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Civil Society Perspectives: Obstacles and Opportunities to support the UN

Quaker United Nations Office; Global Partnership for the Prevention of Armed Conflict; Social Science Research Council

Wednesday, November 8, 2017 from 2:00 PM to 3:00 PM (EST)

Civil Society Perspectives: Obstacles and...

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Event Details

The Civil Society-UN Prevention Platform, launched in 2016, in New York, in close collaboration with QUNO, GPPAC and the Department of Political Affairs aims to support the UN’s prevention agenda through strengthening coordination and information sharing between civil society organizations (CSOs) and the UN at all levels. The Platform believes that the UN’s work on prevention would benefit from a systematic engagement with civil society and that the inclusion of diverse civil society expertise is crucial to achieving sustainable peace. At this event, presenters will highlight the obstacles and opportunities for civil society to better support the UN’s prevention agenda.












Rachel  F. Madenyika, UN RepresentativeQuaker United Nations Office (QUNO)


Rachel is a UN Representative at the Quaker United Nations Office in New York (QUNO-NY). She leads QUNO-NY’s work on the prevention of violent conflict as well as work in China. Rachel joins QUNO with a broad range of experience in economic and social development, financial and non-profit management. In the intervening 14 years, Rachel has worked in various capacities with organizations such as the International Center for Transitional Justice, Woodrow Wilson International Center for Scholars – Kennan Institute, WITNESS Inc. and most recently HealthRight International. She has experience in Latin America, Asia and Africa. Rachel holds an M.A. in Economics from the New School for Social Research and a M.Sc. in Nonprofit Management & Urban Policy from the Milano School of International Affairs, Management and Urban Policy.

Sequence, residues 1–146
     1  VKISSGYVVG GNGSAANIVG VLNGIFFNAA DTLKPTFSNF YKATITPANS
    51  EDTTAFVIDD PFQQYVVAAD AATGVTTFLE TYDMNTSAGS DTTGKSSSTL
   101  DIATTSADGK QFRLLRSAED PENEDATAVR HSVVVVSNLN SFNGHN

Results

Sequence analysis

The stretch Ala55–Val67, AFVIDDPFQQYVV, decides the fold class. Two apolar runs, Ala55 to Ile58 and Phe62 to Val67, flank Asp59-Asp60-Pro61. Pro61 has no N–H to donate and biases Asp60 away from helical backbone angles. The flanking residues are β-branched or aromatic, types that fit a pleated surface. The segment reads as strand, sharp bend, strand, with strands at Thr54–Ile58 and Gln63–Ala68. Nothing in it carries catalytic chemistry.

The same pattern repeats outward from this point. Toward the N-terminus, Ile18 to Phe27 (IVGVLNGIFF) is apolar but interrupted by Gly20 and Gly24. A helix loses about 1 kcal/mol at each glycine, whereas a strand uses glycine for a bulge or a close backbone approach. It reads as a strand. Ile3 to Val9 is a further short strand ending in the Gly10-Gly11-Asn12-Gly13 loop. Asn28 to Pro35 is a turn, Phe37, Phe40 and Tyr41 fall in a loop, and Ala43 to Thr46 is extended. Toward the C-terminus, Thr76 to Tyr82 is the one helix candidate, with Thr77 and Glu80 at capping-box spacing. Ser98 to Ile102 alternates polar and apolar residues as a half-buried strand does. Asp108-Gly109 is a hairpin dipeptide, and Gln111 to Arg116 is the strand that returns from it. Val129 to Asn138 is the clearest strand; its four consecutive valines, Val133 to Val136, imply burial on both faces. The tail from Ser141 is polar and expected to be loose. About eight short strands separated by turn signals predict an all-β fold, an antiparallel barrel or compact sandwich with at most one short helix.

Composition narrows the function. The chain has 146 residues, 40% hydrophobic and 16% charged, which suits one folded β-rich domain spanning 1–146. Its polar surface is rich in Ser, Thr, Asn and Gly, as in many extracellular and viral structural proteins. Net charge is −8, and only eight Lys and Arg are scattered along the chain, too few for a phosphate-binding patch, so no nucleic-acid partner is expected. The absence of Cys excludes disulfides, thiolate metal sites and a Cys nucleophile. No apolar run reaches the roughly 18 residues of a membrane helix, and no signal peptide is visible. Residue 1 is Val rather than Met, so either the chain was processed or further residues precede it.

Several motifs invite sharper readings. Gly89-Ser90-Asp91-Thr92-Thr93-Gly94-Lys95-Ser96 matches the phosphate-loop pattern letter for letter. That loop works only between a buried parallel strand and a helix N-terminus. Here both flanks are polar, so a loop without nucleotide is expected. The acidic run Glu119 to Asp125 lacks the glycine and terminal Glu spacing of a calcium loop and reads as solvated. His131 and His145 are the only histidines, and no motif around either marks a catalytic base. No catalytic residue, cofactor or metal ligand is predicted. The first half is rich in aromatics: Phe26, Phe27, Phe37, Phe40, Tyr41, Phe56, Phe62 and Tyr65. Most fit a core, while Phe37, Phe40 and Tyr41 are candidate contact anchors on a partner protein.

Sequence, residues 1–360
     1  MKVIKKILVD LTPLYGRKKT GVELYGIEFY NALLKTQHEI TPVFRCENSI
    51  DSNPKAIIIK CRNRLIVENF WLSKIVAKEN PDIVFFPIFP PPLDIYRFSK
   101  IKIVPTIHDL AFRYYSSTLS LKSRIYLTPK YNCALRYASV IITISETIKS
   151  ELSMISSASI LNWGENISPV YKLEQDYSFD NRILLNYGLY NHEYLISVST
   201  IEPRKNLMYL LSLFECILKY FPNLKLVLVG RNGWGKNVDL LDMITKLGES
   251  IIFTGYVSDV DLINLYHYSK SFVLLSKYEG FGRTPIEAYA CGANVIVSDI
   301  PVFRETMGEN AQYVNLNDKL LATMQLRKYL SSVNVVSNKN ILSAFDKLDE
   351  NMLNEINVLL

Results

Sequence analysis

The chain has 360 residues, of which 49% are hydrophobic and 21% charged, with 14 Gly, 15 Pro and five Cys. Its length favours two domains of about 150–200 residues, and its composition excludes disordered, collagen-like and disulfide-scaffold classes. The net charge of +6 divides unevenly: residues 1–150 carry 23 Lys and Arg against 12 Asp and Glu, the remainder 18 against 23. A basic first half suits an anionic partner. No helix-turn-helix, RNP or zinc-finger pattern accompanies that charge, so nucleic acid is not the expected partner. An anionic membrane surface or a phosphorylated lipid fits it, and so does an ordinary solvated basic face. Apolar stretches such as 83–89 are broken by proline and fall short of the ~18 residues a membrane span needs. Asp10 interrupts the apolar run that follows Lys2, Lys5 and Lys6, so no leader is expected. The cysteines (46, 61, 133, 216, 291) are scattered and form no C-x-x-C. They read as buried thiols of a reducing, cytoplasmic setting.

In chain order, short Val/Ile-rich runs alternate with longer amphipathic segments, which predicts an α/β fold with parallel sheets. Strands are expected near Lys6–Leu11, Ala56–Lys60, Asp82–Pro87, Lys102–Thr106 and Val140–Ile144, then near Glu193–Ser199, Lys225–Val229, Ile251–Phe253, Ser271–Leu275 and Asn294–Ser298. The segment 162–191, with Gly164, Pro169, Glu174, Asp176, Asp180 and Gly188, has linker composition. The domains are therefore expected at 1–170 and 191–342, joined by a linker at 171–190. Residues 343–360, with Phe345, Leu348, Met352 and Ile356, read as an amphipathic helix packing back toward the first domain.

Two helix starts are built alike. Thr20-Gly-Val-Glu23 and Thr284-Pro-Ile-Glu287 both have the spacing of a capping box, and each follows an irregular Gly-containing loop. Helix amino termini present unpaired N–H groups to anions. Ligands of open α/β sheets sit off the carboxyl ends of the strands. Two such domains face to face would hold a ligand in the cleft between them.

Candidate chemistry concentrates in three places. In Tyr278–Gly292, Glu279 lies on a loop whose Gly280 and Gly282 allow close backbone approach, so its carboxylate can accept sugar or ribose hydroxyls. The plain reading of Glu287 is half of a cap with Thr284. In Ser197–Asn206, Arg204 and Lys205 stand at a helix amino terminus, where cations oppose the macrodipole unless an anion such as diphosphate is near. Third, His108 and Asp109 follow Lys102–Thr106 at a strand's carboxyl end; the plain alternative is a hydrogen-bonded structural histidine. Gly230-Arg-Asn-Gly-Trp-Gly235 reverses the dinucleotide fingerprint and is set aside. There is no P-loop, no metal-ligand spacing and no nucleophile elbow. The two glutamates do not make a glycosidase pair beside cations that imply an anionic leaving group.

Jenny Aulin, Managing Adviser Human Security, Global Partnership for the Prevention of Armed Conflict (GPPAC)